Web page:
Electrons are not waves. Neither are they little dots of matter. The wave/particle duality means that some properties of electrons are as if they are a wave, and some are as if they are particles. They are neither, and they "travel" exactly as the hybrid quantum object they are: Unless they interact with something, they do not take on any definite trajectory.
When you "fire" an electron gun, you create an electron state that is quite sharp inside a momentum interval $[p,p + \Delta p]$, and therefore, by the Heisenberg uncertainty rather diffuse in position $[x, x +\Delta x]$. Broadly speaking, the electron will be able to reach all positions $y$ that can be reached from any of the positions inside $[x, x + \Delta x]$ with any of the momenta inside $[p,p + \Delta p]$.
Quantum mechanically, the object that tells you how likely it is to find a particle at $y$ given you know it was at $x$ a definite time $t$ before is called the propagator. The momentum you give the electron defines a set of position states the electron is initially distributed across, and calculating the propagator for each of these states (with the proper prefactor as given in the initial distribution) for a given target position $y$ will yield the probability to find the fired electron at $y$.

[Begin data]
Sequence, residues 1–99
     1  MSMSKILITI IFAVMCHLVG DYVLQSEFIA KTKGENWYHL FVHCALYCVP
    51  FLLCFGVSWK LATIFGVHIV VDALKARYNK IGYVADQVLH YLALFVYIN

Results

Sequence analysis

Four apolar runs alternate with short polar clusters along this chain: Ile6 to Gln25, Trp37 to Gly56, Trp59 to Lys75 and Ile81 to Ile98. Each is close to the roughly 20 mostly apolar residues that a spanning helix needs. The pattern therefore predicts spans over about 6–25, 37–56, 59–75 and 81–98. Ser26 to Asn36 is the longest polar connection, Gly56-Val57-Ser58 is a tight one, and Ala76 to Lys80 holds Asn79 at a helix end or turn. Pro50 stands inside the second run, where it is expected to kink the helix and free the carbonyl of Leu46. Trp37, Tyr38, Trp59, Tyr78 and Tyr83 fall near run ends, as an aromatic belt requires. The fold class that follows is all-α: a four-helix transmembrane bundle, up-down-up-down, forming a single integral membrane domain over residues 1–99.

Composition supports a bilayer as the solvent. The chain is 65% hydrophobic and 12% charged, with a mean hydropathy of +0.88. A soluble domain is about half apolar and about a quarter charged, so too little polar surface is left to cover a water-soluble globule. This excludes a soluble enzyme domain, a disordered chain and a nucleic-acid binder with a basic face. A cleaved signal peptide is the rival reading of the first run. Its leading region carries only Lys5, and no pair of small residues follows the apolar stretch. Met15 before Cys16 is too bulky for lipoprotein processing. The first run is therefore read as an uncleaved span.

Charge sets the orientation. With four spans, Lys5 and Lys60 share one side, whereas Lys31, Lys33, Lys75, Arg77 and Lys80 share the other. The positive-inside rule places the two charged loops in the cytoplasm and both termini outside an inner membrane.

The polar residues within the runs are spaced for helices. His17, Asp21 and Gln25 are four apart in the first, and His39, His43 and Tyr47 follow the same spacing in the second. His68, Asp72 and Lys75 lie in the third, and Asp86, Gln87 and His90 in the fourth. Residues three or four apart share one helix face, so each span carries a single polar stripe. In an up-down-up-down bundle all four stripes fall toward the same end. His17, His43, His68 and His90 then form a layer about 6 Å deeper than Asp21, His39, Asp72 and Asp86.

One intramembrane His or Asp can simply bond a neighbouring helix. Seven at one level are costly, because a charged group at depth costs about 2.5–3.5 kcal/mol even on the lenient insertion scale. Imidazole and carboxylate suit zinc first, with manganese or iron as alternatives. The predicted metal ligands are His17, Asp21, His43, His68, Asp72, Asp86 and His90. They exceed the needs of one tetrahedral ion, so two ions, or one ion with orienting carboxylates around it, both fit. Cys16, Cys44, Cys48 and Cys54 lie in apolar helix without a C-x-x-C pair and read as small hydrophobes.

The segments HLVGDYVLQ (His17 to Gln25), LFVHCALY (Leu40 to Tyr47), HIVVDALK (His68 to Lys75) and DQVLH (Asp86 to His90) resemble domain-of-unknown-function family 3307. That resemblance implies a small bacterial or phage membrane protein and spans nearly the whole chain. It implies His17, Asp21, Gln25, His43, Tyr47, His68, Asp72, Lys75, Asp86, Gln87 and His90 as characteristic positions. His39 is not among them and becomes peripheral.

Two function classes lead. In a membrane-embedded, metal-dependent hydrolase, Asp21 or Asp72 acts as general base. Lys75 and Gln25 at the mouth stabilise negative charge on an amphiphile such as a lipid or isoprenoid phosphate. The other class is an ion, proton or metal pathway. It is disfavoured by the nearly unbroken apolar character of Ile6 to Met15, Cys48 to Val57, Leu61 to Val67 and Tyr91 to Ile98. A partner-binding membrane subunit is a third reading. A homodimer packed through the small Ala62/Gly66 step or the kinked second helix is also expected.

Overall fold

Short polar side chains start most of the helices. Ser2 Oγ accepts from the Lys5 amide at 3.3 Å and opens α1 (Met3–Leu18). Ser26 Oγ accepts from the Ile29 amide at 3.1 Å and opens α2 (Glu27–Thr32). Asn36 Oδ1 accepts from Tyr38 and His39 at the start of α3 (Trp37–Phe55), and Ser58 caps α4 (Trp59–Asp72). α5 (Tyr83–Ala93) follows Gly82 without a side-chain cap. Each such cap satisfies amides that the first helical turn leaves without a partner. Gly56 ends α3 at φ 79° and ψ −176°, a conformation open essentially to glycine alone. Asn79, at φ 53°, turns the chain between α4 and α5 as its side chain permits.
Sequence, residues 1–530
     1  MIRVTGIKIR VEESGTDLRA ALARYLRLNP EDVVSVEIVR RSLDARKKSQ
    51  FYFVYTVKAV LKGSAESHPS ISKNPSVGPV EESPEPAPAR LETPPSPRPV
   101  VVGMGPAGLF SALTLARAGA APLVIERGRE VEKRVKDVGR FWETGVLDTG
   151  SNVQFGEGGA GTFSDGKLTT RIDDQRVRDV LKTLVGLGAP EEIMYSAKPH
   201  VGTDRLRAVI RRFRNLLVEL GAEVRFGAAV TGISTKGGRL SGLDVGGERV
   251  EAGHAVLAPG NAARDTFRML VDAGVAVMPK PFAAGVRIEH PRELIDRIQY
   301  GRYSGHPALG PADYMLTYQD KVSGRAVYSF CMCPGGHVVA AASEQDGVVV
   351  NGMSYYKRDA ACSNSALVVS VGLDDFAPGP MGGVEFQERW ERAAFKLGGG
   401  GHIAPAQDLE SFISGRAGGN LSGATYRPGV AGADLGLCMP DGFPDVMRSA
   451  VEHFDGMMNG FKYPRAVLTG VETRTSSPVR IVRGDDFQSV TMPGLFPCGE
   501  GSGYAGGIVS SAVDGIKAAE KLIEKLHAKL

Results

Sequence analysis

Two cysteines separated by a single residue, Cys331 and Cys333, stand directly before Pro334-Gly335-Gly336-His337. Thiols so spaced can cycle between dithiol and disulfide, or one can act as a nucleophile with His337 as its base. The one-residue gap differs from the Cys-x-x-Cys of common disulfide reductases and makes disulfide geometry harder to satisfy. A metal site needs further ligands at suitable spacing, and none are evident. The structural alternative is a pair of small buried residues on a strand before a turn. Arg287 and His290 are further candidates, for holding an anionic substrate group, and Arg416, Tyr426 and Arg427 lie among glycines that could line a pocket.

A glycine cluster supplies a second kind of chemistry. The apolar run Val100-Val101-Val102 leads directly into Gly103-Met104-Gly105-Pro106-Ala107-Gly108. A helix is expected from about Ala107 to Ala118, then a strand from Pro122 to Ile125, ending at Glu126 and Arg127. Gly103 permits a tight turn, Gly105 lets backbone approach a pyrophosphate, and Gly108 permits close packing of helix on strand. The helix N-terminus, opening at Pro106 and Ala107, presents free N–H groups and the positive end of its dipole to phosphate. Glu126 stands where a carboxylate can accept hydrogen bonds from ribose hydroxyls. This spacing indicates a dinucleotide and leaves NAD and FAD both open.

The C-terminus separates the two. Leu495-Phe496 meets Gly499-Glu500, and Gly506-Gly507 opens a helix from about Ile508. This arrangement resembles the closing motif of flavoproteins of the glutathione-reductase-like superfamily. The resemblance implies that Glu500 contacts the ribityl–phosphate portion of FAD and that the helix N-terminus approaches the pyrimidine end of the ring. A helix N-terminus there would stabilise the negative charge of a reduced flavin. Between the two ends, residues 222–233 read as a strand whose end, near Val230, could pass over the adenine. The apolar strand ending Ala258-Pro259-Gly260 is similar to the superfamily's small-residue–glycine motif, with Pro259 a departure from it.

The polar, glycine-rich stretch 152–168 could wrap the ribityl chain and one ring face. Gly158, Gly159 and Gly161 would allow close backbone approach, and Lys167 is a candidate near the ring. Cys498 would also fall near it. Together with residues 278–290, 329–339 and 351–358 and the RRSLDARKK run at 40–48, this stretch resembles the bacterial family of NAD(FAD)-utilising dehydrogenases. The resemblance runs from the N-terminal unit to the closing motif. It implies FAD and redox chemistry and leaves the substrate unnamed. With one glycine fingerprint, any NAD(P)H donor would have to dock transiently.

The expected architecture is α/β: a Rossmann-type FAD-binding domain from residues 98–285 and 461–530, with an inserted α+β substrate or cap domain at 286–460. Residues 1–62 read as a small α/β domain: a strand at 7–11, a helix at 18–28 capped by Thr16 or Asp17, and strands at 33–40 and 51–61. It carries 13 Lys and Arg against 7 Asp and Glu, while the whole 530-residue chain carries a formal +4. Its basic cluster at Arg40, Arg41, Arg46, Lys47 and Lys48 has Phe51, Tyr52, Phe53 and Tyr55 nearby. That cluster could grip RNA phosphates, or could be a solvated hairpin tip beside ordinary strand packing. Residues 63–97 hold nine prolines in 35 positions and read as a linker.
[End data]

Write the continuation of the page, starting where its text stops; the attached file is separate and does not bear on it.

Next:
But the important thing is that quantum objects do not travel in the classical sense. They have (discounting Bohmian interpretations) no trajectory to speak of, they simply have probabilities to be found at $y$ after they were found at $x$.
On classical scales, the distributions of position and momenta are so sharp that the uncertainty is neglegible, and therefore, on sufficiently large scales, you could speak of "aiming" an electron gun.